Need help figuring out what to watch this week on Warner Archive Instant? The Retro Set has you covered with our must watch Warner Archive picks! Each week, we select a small handful of must watch titles from the Warner Archive Instant catalog: some hidden gems, others well-known and beloved classics. All deserving of a look or two (or five).
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This week we’ve got This week’s edition of Must Watch Warner Archive Instant includes the deliriously campy cult classic THE BAD SEED, silent comedy masterpiece THE CAMERAMAN, and some lovably batshit pre-code courtesy Busby Berkeley in FOOTLIGHT PARADE.
Must Watch Warner Archive Instant: 10.23.14
Wade’s Pick: The Bad Seed (1956)
Filed under the “So Bad It’s Good” department, The Bad Seed is based on the (then) shocking play, which itself was based on the (then) shocking book about the creeping dread a mother experiences when she slowly realizes her blonde-haired, pony-tailed angel is a sociopathic killer. Little Rhoda Penmark (little Patty McCormack) comes home after a boy mysteriously dies at a school picnic. Her worried mother, Christine Penmark, (Nancy Kelly) questions Rhoda about the boy’s death, and finds her daughter strangely cool about the whole affair. Further investigation reveals many people (children, neighbors, dogs) fear Rhoda, and her penchant for lying and worse…for violence. The more Christine digs, the more she discovers a path of unexplained thefts and deaths that leads with bloody footprints to cute, polite little Rhoda.
This overwrought melodrama brought most of the stage actors to the screen, in a somewhat successful (depending on your expectations) film adaptation that too often shows its stage roots with a claustrophobic, one room setting. Still, Nancy Kelly as Christine gives such an “over-the-top,” “anything goes” performance, it’s a marvel to watch while hoping she doesn’t pop a blood vessel before the credits roll. No spoilers, but the Hays office predictably changed the ending in a laughable way. The biggest kicker of all is the “curtain call” the film replicates from the play, with a painful “all is forgiven” routine between mother and daughter that will make you “spit-take” and maybe even cough up a popcorn kernel. If Baby Jane is your speed, you absolutely must check out The Bad Seed.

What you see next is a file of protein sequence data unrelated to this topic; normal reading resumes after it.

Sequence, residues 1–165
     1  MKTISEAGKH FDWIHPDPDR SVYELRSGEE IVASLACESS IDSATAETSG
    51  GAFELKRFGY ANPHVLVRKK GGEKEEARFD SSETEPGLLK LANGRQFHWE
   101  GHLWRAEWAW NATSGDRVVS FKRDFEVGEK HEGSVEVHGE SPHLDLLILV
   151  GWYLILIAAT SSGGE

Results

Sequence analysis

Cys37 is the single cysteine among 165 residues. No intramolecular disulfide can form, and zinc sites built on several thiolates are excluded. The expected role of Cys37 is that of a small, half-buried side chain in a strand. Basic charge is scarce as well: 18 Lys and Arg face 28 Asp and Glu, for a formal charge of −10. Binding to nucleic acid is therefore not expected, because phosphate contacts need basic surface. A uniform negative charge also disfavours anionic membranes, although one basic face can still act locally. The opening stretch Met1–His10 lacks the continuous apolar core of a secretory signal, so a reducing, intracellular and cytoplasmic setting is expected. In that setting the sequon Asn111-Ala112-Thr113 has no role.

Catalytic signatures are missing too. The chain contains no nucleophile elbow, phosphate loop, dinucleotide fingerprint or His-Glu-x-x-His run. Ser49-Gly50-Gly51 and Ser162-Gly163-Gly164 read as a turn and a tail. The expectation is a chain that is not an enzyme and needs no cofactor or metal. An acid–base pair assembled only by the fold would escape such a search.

Carley’s Pick: The Cameraman (1928)
From the very beginning, motion pictures were … magic. Of course, the medium has evolved to become one of the most important means of artistic expression that we’ve ever had; complex, subjective and ever-evolving. But sometimes all we want– indeed, all we need– is a little magic. And perhaps the magic of cinema is found, in its purest form, in silent comedy. Hardly a definitive statement, but after re-visiting Buster Keaton’s 1928 classic The Cameraman, newly available on Warner Archive Instant streaming, I am hard pressed to find anything more magical than the visual purity of silent comedy. The film, a riotously funny romantic comedy, hasn’t aged a day in the last 90 years, cementing Buster Keaton’s as one of cinema’s most enduring—and modern—leading men.
In The Cameraman, we have a socially awkward tintype street photographer whose only impetus for going into the newsreel business is the fact that he has fallen head over heels with a girl (the smoking hot Marceline Day) who works at the newsreel office. The fact that her beau is Buster’s opposite in every way – tall, conventionally handsome, elegant – is a challenge that Buster is determined to meet. Of course, things are destined to go tragically wrong for the eager young novice, to howlingly funny heights. (Spoiler: Buster does end up getting the girl.) But this is exactly why Buster is such a modern hero and why this film in particular hasn’t aged a day in the last 90 years: because life is chaos. Buster knows it. And his films, like The Cameraman, get it. That’s why when Buster single-handedly fights an urban turf war, finds himself stranded sans skivvies in a public pool, or falls 15 feet from a collapsing piece of scaffolding, it may be awe-inspiring to look at but more than that: deeply relatable.